decoder may deliver a decoded map to an application that needs to be decoder may deliver a decoded map to an application that needs to be
checked for duplicate map keys by that application (alternatively, checked for duplicate map keys by that application (alternatively,
the decoder may provide a programming interface to perform this the decoder may provide a programming interface to perform this
service for the application). Specific data models cannot service for the application). Specific data models cannot
distinguish values for map keys that are equal for this purpose at distinguish values for map keys that are equal for this purpose at
the generic data model level. the generic data model level.
5.7. Undefined Values 5.7. Undefined Values
In some CBOR-based protocols, the simple value (Section 3.3) of In some CBOR-based protocols, the simple value (Section 3.3) of
Undefined might be used by an encoder as a substitute for a data item Undefined might be used by an encoder as a substitute for a data item
with an encoding problem, in order to allow the rest of the enclosing with an encoding problem, in order to allow the rest of the enclosing
data items to be encoded without harm. data items to be encoded without harm.
5.8. Strict Decoding Mode 5.8. Validity Checking and Robustness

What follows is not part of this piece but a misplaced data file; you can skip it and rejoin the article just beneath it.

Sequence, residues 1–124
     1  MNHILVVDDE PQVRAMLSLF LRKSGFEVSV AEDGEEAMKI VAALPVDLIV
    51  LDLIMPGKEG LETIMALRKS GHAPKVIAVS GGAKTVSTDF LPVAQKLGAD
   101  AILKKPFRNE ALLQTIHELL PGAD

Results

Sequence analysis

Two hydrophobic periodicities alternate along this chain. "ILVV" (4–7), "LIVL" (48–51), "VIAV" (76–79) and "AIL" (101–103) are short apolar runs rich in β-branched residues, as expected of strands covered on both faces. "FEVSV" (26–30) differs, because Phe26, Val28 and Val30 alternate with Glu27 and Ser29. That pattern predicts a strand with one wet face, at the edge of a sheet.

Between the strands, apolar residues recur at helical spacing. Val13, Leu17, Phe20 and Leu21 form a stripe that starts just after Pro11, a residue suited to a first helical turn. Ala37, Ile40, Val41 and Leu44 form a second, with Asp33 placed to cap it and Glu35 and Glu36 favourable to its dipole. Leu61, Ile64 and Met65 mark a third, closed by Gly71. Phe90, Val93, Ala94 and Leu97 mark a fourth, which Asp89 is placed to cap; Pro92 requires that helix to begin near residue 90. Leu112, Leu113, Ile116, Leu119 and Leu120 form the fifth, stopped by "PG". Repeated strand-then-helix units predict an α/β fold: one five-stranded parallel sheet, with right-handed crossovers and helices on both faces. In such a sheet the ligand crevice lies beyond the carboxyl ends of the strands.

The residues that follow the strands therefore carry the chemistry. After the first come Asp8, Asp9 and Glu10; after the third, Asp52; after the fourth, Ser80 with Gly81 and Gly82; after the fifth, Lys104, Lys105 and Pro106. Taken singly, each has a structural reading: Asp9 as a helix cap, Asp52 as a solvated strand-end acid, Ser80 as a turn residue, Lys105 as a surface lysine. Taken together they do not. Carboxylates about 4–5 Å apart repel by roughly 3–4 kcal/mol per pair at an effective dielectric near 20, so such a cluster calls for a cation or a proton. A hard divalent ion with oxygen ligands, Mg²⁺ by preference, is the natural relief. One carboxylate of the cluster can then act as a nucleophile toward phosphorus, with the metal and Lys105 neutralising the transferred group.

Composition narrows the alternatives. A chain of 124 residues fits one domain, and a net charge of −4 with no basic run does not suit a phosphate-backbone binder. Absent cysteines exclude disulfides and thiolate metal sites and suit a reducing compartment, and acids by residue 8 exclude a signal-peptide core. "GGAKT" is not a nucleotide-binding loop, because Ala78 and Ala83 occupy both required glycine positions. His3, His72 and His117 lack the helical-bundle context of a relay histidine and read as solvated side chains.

Some areas of application of CBOR do not require deterministic Some areas of application of CBOR do not require deterministic
encoding (Section 4.2) but may require that different decoders reach encoding (Section 4.2) but may require that different decoders reach
the same (semantically equivalent) results, even in the presence of the same (semantically equivalent) results, even in the presence of
potentially malicious data. This can be required if one application potentially malicious data. This can be required if one application
(such as a firewall or other protecting entity) makes a decision (such as a firewall or other protecting entity) makes a decision
based on the data that another application, which independently based on the data that another application, which independently
decodes the data, relies on. decodes the data, relies on.
Normally, it is the responsibility of the sender to avoid ambiguously Normally, it is the responsibility of the sender to avoid ambiguously
decodable data. However, the sender might be an attacker specially decodable data. However, the sender might be an attacker specially
making up CBOR data such that it will be interpreted differently by making up CBOR data such that it will be interpreted differently by